Thursday, March 22, 2012

Piano Playing, by Josef Hofmann - Full Text

Josef Hofmann




Copyright © 1909 by Doubleday, Page and Company; renewed 1937 by J. Hofmann.
© 1908 by McClure Company; renewed 1936 by J. Hofmann.
© 1920 by Theodore Presser Company; renewed 1947 by Josef Hofmann.

Piano Playing




This little book purposes to present a general view of artistic piano-playing and to offer to young students the results of such observations as I have made in the years of my own studies, as well as of the experiences which my public activity has brought me.
It is, of course, only the concrete, the material side of piano-playing that can be dealt with here—that part of it which aims to reproduce in tones what is plainly stated in the printed lines of a composition. The other, very much subtler part of piano-playing, draws upon and, indeed, depends upon imagination, refinement of sensibility, and spiritual vision, and endeavours to convey to an audience what the composer has, consciously or unconsciously, hidden between the lines. That almost entirely psychic side of piano-playing eludes treatment in literary form and must, therefore, not bePg xvi looked for in this little volume. It may not be amiss, however, to dwell a moment upon these elusive matters of æsthetics and conception, though it be only to show how far apart they are from technic.
When the material part, the technic, has been completely acquired by the piano student, he will see a limitless vista opening up before him, disclosing the vast field of artistic interpretation. In this field the work is largely of an analytical nature and requires that intelligence, spirit, and sentiment, supported by knowledge and æsthetic perception, form a felicitous union to produce results of value and dignity. It is in this field that the student must learn to perceive the invisible something which unifies the seemingly separate notes, groups, periods, sections, and parts into an organic whole. The spiritual eye for this invisible something is what musicians have in mind when they speak of "reading between the lines"—which is at once the most fascinating and most difficult task of the interpretative artist; for, it is just between the lines where, in literature as in music, the soul of a work of art lies hidPg xviiden. To play its notes, even to play them correctly, is still very far from doing justice to the life and soul of an artistic composition.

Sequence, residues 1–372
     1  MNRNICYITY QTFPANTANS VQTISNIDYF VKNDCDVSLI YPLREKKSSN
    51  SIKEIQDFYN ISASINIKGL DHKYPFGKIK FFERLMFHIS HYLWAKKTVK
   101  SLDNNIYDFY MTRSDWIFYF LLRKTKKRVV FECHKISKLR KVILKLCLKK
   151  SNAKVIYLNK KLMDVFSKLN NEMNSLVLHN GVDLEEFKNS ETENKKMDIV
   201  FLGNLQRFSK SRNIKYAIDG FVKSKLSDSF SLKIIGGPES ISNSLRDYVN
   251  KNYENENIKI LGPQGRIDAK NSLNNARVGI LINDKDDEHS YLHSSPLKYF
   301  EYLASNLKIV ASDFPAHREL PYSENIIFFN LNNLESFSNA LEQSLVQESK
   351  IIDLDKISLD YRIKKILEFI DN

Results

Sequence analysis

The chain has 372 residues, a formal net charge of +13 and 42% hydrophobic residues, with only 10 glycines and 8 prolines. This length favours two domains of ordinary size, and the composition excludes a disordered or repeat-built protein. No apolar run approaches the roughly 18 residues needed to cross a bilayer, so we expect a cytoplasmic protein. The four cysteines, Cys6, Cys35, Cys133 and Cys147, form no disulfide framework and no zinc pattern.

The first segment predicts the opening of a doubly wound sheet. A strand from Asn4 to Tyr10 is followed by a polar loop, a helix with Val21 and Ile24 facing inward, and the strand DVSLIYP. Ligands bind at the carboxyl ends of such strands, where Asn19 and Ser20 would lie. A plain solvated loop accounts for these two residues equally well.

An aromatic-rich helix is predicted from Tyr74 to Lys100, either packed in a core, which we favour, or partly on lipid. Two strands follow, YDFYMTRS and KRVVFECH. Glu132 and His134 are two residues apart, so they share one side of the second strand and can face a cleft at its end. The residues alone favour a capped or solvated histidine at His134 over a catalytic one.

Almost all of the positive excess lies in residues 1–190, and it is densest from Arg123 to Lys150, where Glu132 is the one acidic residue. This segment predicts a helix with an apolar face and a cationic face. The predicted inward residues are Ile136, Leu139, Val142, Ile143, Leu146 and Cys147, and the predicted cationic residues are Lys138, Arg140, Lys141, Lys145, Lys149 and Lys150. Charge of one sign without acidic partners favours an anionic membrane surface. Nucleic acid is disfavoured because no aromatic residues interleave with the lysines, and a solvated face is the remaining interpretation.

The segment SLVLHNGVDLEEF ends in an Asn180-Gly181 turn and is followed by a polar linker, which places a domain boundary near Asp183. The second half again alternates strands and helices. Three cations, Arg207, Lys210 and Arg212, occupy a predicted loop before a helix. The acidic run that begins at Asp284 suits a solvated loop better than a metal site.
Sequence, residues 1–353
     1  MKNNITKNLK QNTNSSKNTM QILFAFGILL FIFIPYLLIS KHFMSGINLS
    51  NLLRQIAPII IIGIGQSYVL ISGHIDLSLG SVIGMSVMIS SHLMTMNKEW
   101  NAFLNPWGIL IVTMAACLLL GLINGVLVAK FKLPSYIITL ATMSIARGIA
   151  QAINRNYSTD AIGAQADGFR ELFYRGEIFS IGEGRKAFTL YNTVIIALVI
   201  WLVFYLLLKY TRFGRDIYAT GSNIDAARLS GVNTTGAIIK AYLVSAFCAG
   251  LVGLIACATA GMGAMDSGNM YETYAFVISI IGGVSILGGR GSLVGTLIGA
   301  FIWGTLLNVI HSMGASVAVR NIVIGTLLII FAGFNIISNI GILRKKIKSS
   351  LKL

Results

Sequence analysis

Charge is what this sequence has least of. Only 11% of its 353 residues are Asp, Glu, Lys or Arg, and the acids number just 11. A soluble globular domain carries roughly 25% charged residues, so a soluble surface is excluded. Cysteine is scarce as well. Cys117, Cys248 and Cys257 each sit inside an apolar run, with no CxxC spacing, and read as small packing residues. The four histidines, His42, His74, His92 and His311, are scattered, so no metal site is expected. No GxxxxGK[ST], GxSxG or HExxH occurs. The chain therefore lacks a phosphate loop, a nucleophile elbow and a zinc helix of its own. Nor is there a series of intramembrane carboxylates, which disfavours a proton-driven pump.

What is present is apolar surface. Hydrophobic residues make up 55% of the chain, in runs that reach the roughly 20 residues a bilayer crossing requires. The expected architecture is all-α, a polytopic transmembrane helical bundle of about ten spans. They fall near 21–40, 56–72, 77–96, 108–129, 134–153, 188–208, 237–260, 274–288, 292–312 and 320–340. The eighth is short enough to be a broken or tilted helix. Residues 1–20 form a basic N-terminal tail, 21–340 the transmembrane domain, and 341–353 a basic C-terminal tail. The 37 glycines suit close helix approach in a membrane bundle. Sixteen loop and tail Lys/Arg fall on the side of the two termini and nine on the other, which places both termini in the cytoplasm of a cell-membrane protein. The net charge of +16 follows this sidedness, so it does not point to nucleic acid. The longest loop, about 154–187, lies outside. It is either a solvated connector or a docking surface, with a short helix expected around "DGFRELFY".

I should like to reiterate at this point two words which I used in the second paragraph: the words "consciously or unconsciously." A brief comment upon this alternative may lead to observations which may throw a light upon the matter of reading between the lines, especially as I am rather strongly inclining toward the belief in the "unconscious" side of the alternative.
I believe that every composer of talent (not to speak of genius) in his moments of creative fever has given birth to thoughts, ideas, designs that lay altogether beyond the reach of his conscious will and control. In speaking of the products of such periods we have hit upon exactly the right word when we say that the composer "has surpassed himself." For, in saying this we recognise that the act of surpassing one's self precludes the control of the self. A critical, sober overseeing of one's work during the period of creation is unthinkable, for it is the fancy and the imagination that carries onePg xviii on and on, will-lessly, driftingly, until the totality of the tonal apparition is completed and mentally as well as physically absorbed.
Now, inasmuch as the composer's conscious will takes little or no part in the creating of the work, it seems to follow that he is not, necessarily, an absolute authority as to the "only correct way" of rendering it. Pedantic adherence to the composer's own conception is, to my mind, not an unassailable maxim. The composer's way of rendering his composition may not be free from certain predilections, biases, mannerisms, and his rendition may also suffer from a paucity of pianistic experience. It seems, therefore, that to do justice to the work itself is of far greater importance than a slavish adherence to the composer's conception.
Now, to discover what it is, intellectually or emotionally, that hides itself between the lines; how to conceive and how to interpret it—that must ever rest with the reproductive artist, provided that he possesses not only the spiritual vision which entitles him to an individual conception, but also the technical skill to express what this individual conception (aided byPg xix imagination and analysis) has whispered to him. Taking these two conditions for granted, his interpretations—however punctiliously he adhere to the text—will and must be a reflex of his breeding, education, temperament, disposition; in short, of all the faculties and qualities that go to make up his personality. And as these personal qualities differ between players, their interpretations must, necessarily, differ in the same measure.
In some respects the performance of a piece of music resembles the reading of a book aloud to some one. If a book should be read to us by a person who does not understand it, would it impress us as true, convincing, or even credible? Can a dull person, by reading them to us, convey bright thoughts intelligibly? Even if such a person were drilled to read with outward correctness that of which he cannot fathom the meaning, the reading could not seriously engage our attention, because the reader's want of understanding would be sure to effect a lack of interest in us. Whatever is said to an audience, be the speech literary or musical, must be a free and individual expresPg xxsion, governed only by general or is it æsthetic laws or rules; it must be free to be artistic, and it must be individual to have vital force. Traditional conceptions of works of art are "canned goods," unless the individual happens to concur with the traditional conception, which, at best, is very rarely the case and does not speak well for the mental calibre of the easily contented treader of the beaten path.